Area Forecast Discussion
Issued by NWS Charleston, SC

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FXUS62 KCHS 241512
AFDCHS

Area Forecast Discussion
National Weather Service Charleston SC
1112 AM EDT Wed May 24 2017

.SYNOPSIS...
Unsettled weather will persist across the Southeast through
today. A cold front will push offshore tonight into Thursday
followed by high pressure prevailing into the weekend.

&&

.NEAR TERM /THROUGH TONIGHT/...
As of 1110 AM: I will update to add mention of Tornado Watch 263
to the forecast products. Watch in effect until 6 PM.

As of 10 AM: Visible satellite showed a large area of mostly to
partly sunny conditions across the SC coastal counties early
this morning. Satellite trends show debris cirrus sliding over
the CWA over the next hour or two. Temperatures have already warmed
into the upper 70s to near 80 across the areas of thin cloud
cover. Upstream: A large area of strong to severe thunderstorms
was across northern FL and southern GA. Latest W/V showed a deep
mid level trough sweeping across the deep south. GFS1deg H5
suggests that deep forcing associated with moderate Q-vector
convergence will develop ahead of the trough. Regional radar
already indicates that thunderstorms have started to develop
across southern GA, north of the convection lifting from
northern FL.

Likely scenario: New convection over southern GA will grow
upscale during the morning hours, while tracking NE. CAPE values
across the forecast area will increase to 2000-3000 J/kg by the
early afternoon hours. Convection should easily develop and
increase in coverage across SE GA by mid day, aided by synoptic
scale forcing, widespread instability, and shear. Large clusters
of storms are expected to pass over the southern Savannah River
valley around 1 PM, pushing across the SC Lowcountry through the
rest of the afternoon into the early evening. Embedded
supercells will be expected as the storms push over SE GA/SC. In
addition, DCAPE values are expected to increase above 1000 J/kg
across the region this afternoon and early evening. Severe
weather will consisted of tornadoes, damaging winds with
organized convective features, and large hail. The potential for
tornadoes appears the highest across the coastal areas across
the lower Savannah River Valley. Damaging winds and hail will be
possible across SE GA/SC, highest potential across the SC
Lowcountry.

Previous forecast:
Today: The forecast scenario is very complex and confidence
isn`t very high regarding the timing and exact placement of
convection. A well defined mid/upper level low will begin the
day over Missouri and is progged to gradually sink south and
eastward to a position near west Tennessee by the evening. As
it does, the trough on its southeast periphery will take on a
more neutral/negative tilt with notable shortwave impulses
poised to impact the Southeast region this afternoon and
evening. As the upper low translates through the day, an area of
low pressure at the surface will develop and steadily deepen as
it lifts into the Ohio Valley. Overall, the atmosphere today
will be quite similar to Tuesday. The forecast area will be
within an uninhibited warm sector with precipitable water values
approaching 2 inches by the afternoon. The main forecast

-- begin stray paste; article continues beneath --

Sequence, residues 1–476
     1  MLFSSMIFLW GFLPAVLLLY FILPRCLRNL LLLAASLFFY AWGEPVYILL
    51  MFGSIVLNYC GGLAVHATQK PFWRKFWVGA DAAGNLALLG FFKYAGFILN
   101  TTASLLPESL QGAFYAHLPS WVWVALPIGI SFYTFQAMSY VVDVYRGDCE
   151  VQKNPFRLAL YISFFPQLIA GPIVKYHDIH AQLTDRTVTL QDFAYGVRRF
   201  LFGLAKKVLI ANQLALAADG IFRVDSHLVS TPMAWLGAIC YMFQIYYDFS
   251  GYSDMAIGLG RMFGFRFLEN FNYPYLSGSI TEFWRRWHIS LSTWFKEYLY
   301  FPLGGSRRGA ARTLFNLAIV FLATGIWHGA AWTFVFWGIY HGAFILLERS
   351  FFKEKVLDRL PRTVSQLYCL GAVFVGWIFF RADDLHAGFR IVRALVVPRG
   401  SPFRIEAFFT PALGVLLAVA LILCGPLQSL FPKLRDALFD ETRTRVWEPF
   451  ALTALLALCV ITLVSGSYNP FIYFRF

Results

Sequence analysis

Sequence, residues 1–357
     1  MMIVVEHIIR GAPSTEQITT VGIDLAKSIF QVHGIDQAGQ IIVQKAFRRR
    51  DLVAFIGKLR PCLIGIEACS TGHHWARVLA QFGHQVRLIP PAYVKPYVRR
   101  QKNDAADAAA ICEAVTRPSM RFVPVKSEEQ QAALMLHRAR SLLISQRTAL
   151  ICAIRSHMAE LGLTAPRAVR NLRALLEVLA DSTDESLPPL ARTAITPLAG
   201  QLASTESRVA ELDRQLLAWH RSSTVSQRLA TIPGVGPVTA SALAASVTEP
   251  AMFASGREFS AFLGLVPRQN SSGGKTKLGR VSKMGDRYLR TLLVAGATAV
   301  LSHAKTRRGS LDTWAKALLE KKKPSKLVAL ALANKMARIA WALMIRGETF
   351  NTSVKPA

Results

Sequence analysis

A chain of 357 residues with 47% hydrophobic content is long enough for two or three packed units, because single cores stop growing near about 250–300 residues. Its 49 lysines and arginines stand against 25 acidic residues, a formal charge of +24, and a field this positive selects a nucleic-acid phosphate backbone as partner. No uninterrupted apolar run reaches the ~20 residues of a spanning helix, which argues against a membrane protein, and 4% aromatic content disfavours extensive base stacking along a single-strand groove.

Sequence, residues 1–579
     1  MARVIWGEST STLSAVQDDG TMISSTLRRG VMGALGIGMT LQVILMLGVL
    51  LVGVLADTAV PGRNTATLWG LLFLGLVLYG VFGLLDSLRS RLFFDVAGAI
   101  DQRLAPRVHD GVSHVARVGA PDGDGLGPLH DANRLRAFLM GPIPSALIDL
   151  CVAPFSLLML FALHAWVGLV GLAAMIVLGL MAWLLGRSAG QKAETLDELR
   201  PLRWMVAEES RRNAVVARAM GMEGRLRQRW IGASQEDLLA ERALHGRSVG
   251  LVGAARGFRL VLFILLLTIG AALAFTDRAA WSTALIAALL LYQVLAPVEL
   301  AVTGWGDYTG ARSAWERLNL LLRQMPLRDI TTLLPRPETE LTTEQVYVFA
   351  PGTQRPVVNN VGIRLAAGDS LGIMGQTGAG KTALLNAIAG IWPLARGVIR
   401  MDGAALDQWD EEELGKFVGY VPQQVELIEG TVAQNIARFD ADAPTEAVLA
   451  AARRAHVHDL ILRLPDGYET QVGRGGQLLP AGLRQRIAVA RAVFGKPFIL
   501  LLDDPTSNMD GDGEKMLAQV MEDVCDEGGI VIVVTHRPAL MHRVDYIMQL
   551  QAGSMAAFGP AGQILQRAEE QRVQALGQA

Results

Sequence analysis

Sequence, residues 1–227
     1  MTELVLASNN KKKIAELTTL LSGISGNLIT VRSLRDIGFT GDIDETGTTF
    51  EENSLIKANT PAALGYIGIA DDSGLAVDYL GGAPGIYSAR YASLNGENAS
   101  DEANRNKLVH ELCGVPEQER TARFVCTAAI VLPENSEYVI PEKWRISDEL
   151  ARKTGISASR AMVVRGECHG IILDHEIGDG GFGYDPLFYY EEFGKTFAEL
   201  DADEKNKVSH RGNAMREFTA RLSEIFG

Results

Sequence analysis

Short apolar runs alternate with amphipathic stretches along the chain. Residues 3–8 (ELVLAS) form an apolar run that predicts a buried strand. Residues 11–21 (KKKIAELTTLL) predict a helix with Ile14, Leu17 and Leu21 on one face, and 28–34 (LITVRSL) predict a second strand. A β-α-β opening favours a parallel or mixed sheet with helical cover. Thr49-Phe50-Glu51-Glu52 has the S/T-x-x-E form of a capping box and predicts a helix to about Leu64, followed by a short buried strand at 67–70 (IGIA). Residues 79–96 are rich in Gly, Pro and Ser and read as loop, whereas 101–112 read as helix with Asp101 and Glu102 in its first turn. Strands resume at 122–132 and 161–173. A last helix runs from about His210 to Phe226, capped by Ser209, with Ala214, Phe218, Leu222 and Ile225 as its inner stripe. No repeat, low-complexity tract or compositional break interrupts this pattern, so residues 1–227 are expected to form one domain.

question for today will be what areas will be favored for
convection and will this convection be severe. Regarding favored
areas, that is pretty hard to ascertain. The atmosphere is
fairly uniform across the forecast area and a
shower/thunderstorm will be capable of developing pretty much
anywhere at any time. The best dynamics and forcing for ascent
will spread in from the southwest in the afternoon, so the PoP
scheme shows values increasing in southeast Georgia first.
However, 80-90 percent chances are in place everywhere.

Regarding the severe potential, it certainly looks like a good
setup with an uncapped warm/moist atmosphere in place,
coincident with increasing deep layer shear and mid/upper level
dynamics. As the aforementioned shortwave energy spreads in this
afternoon, a north/south oriented 300 mb jet will strengthen to
around 120 knots with a strong divergence signal in its right
entrance region. This upper level forcing should help make up
for any lack of destabilization we experience from widespread
cloud cover and minimal insolation. Model soundings show the
wind field increasing nicely in the afternoon as well and it
appears the best severe threat will come as the 70+ knot 500 mb
jet noses in from the southwest in the mid/late afternoon hours.
Around this time, model soundings and plan view feature CAPE
values of 1500-2000 J/kg and 0-6 km shear values around 50
knots. The wind field is essentially unidirectional, but the
combination of the strengthening magnitude and impressive
indices will result in a scenario similar to Tuesday. The near
storm environment should favor multicells and some broken
convective bands, with the potential for some embedded supercell
type structure. Damaging wind gusts are the main threat, but
given the magnitude of the shear we will once again see the
potential for a few isolated tornadoes. Thunderstorms will be
possible at any time, but the main time period for severe
weather will be from roughly 3-9 pm. There are certainly some
caveats regarding the threat, mainly the impact of convective
overturning from Tuesday and the impact of early morning
convection. However, the environment should be able to
sufficiently recover, especially with a solid replenishment of
warm/moist air. Locally heavy rain is again expected today, but
we don`t think widespread flash flooding will be an issue.

Tonight: Convection will likely reach its peak coverage and
intensity in the evening, then become increasingly concentrated